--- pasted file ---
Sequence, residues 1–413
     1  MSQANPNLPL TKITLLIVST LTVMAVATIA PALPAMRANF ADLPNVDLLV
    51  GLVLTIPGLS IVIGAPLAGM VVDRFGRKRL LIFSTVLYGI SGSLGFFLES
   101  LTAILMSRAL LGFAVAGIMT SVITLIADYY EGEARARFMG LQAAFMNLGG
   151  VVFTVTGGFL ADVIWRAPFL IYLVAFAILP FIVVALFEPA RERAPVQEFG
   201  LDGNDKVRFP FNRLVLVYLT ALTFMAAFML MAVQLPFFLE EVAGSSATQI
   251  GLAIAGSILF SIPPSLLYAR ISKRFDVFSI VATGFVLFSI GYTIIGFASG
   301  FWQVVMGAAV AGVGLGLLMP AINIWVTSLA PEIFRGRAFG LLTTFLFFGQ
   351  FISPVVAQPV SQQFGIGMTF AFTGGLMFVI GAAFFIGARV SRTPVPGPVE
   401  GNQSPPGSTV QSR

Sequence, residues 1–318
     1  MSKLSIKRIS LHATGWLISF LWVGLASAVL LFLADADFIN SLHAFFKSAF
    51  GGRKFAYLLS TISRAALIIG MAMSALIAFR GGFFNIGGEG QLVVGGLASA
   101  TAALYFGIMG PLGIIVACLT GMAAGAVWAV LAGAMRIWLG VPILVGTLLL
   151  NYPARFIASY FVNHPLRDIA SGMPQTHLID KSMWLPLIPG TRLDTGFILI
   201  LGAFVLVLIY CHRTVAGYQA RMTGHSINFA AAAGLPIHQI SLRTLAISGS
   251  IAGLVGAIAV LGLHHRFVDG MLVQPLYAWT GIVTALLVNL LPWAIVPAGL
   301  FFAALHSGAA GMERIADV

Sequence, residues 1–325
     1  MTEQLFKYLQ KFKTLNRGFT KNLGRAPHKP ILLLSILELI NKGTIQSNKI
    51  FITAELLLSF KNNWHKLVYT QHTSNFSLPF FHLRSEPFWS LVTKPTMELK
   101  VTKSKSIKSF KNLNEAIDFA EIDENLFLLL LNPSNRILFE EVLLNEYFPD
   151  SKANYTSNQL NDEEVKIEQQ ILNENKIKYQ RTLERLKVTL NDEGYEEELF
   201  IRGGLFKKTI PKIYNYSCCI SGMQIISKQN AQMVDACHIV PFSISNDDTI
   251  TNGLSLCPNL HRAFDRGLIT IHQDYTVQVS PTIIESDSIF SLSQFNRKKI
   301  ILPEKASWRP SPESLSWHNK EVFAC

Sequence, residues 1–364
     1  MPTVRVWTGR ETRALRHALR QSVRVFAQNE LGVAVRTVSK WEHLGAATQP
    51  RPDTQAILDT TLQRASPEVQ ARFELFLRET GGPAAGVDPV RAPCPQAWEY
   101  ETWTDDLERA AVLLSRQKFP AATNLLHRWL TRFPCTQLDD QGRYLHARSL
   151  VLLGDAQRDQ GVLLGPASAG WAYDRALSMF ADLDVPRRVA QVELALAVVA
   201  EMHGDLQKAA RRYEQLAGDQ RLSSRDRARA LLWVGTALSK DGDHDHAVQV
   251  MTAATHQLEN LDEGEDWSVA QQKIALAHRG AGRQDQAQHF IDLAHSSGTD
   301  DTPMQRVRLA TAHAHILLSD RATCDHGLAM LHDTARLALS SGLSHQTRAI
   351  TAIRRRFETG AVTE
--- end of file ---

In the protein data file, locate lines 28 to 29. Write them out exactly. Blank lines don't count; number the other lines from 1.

     1  MPTVRVWTGR ETRALRHALR QSVRVFAQNE LGVAVRTVSK WEHLGAATQP
    51  RPDTQAILDT TLQRASPEVQ ARFELFLRET GGPAAGVDPV RAPCPQAWEY